Drawing blood from a shark for chemical change analysis
Drawing blood from a shark for chemical change analysis

Contacts: Gregory Skomal, Brad Chase

With the growing interest in catch and release, especially for large pelagic species like tunas, sharks, and marlins, MarineFisheries biologists have been studying the effects of the "fight". These highly energetic species may suffer terminal fatigue and die after being released. The answer may lie in the fish's blood chemistry. MarineFisheries biologists are using blood samples taken from fish to determine the effects of increased anaerobic activity, muscular fatigue, and time-out-of-water caused by angling. Catch data generated by MarineFisheries tournament sampling program show that a high percentage of these big game fish are released. For bluefin tuna, the number of fish released has increased greatly since federal regulations imposed a commercial minimum size and decreased the recreational bag limit in 1992.

We use a two-pronged approach to quantify and characterize the effects of angling. First, the relative health of the fish is determined by taking a blood sample after the fight. High muscular activity and stress induced by angling causes changes and disturbances in fish tissues and organs. These changes, manifested in the blood, may be severe enough to alter normal physiology and behavior, and ultimately reduce survival. In some cases, fish may die, either on the line or more likely after release. As with evaluations in human and veterinary medicine, various chemical constituents of the blood can be used to profile the condition of the fish before it is released. For each species, changes in blood chemistry can be linked to several variables associated with the fight such as tackle type, fight time, water temperature, and fish size.

Fish that have been blood-sampled include: bluefin, yellowfin, bigeye, albacore, and skipjack tunas; blue, mako, tiger, dusky, sandbar, blacktip, and bull sharks; white and blue marlin; Atlantic bonito, little tunny; and dolphin (mahi-mahi). Preliminary findings show that these fish exhibit significant fluctuations in blood pH and blood levels of some hormones, electrolytes, and metabolites due to the fight associated with rod and reel angling. Each species was found to have a different physiological response to angling.

Is a tuna or shark capable of recovering from the internal disturbances caused by the angling event? The second part of the study involves the actual assessment of survival with acoustic telemetry. Sharks and tunas fought for extended periods have been outfitted with acoustic "pingers", which allow the MarineFisheries scientists to follow the fish, tracing its location and depth over several hours. This provides direct evidence of short-term post-release survival. In addition, since most of the fish sampled to date have been tagged and released, tag-recaptured fish provide direct evidence of long term survival. The levels of exhaustion that tunas and sharks can withstand comes from the correlation of blood chemistry data, fight data, and survival information.

Tracking large pelagic fish tagged with acoustic transmitters. Tracking large pelagic fish that were carrying acoustic transmitters.

Tracking large pelagic fish tagged with acoustic transmitters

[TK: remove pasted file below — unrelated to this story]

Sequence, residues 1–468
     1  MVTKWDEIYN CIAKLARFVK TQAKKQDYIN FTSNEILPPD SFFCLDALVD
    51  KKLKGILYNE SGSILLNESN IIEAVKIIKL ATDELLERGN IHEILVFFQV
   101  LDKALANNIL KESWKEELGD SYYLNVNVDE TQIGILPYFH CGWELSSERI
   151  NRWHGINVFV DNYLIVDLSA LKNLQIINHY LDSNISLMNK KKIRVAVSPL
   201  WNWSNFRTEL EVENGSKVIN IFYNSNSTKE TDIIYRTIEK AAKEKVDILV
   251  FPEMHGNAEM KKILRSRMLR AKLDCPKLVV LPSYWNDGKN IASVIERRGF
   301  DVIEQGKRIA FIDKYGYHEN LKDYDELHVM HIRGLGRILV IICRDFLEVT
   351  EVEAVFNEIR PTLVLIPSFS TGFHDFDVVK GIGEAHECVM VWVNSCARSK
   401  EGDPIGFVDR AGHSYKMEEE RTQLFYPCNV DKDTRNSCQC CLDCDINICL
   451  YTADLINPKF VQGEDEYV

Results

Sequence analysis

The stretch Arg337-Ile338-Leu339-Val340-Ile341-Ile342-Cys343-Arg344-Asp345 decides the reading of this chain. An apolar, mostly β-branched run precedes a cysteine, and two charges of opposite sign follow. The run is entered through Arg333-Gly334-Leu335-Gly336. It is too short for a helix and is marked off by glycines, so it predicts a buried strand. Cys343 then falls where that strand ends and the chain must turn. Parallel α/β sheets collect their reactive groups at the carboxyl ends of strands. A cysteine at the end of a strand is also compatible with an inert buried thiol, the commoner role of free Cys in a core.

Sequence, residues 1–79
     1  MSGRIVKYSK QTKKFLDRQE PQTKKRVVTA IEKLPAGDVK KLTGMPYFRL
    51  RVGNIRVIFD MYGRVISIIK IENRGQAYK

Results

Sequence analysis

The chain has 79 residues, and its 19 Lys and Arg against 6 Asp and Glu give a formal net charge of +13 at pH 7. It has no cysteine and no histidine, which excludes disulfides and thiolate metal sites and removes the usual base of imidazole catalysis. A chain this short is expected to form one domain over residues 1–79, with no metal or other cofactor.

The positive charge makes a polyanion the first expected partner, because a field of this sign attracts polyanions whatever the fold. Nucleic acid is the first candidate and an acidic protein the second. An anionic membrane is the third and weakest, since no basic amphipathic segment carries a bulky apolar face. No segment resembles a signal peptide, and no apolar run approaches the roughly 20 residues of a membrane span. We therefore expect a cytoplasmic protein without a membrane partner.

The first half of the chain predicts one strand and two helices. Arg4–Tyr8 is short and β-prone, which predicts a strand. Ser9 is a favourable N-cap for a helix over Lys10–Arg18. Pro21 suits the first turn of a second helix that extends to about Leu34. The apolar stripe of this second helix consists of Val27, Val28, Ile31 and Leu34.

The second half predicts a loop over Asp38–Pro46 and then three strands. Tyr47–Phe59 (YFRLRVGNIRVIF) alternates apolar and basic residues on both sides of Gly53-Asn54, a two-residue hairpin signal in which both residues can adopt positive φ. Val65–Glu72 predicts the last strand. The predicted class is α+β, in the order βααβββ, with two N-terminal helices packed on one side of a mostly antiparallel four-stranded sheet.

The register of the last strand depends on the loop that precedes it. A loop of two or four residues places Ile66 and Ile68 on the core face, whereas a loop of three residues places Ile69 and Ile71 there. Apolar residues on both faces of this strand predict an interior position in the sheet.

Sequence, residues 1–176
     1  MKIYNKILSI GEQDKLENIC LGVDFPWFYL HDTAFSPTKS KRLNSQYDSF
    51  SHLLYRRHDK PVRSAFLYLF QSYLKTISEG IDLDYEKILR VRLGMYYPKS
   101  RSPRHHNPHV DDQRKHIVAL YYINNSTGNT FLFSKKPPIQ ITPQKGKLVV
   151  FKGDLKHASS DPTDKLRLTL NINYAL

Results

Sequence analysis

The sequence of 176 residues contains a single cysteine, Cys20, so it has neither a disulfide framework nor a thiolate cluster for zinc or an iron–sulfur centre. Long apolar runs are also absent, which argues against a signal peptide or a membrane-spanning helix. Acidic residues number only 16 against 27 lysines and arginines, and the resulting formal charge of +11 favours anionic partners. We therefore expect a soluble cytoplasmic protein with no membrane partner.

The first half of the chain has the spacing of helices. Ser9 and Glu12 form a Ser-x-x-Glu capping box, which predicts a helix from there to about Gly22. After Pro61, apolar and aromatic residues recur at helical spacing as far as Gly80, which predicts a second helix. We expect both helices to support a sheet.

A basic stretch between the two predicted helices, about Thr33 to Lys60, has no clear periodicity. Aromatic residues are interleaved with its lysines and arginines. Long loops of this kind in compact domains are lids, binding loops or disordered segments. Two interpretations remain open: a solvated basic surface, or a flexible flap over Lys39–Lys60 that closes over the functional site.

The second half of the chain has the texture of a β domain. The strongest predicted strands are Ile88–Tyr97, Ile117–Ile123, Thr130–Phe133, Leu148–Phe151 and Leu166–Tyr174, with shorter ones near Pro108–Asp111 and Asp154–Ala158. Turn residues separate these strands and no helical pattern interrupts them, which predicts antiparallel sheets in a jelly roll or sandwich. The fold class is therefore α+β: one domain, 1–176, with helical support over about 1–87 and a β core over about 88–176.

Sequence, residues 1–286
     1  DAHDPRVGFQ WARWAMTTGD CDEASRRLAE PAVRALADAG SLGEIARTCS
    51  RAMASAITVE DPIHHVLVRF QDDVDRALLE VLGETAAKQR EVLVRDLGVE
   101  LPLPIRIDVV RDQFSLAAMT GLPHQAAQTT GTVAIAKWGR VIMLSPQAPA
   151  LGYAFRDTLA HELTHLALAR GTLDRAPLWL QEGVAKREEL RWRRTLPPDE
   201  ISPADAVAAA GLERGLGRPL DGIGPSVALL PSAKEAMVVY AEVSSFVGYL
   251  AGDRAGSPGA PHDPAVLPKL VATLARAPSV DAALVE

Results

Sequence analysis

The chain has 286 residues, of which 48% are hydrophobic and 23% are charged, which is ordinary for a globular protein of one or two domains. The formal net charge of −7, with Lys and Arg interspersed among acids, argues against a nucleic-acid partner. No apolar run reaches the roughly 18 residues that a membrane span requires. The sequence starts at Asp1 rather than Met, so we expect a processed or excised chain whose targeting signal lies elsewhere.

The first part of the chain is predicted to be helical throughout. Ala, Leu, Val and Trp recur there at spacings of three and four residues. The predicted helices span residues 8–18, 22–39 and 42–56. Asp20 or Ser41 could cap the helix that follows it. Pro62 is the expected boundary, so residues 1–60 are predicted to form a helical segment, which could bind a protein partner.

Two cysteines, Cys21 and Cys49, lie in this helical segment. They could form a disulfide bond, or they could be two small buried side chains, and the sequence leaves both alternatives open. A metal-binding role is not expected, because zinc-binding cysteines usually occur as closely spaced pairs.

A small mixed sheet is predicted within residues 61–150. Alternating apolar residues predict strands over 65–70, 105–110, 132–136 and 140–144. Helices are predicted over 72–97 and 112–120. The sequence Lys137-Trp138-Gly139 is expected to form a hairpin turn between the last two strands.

Tracking large pelagic fish tagged with acoustic transmitters

During the second phase of the study, MarineFisheries biologists have tracked bluefin tuna, blue sharks, yellowfin tuna, and white marlin for periods ranging from 2 to 48 hours after release. All of those fish fought on rod and reel, blood sampled, and released carrying acoustic transmitters were determined to be completely exhausted by the event, and all but one bluefin tuna survived for the duration of the tracks. In addition, tag recaptures of blue sharks, yellowfin tuna, and bluefin tuna that were previously blood sampled by the study provided long-term evidence that these fish were not physiologically compromised by the angling experience or the tagging.
In some fisheries, it is likely that the cumulative effects of physiological and physical trauma associated with catch and release results in unacceptable levels of species-specific mortality. The rough handling of fish, the use of gaffs, internal hook damage, poor tagging, and excessive time out of water can cause irreparable damage to a fish that is released. The good news is that a little education can go a long way toward reducing these impacts at boatside. Physiological stress can be minimized by reducing fight and handling time. However, physical trauma can only be reduced through the conscious efforts of anglers when choosing to release a fish. Hook design, handling methods, tagging tools, and experience all play a major role in the proper release of all gamefish.

In a related study, MarineFisheries biologists teamed up with NMFS to evaluate hook design in offshore tuna "chunk" fisheries. This research compared the efficiency and hook site of standard straight shank hooks to circle hooks. The study concentrated on bluefin tuna taken during bait fisheries where hooks are more likely to be swallowed, causing considerable damage to a fish that tuna caught on circle hooks were consistently hooked in the jaw while only 52% caught on straight hooks were is to be released. The results of this study showed that 95% of bluefin hooked in the jaw and 34% were hooked in the more sensitive pharynx or esophagus. This comparison indicates that circle hooks cause less physical damage than straight hooks while catching juvenile bluefin tuna using natural bait and can be a valuable conservation tool in these recreational fisheries.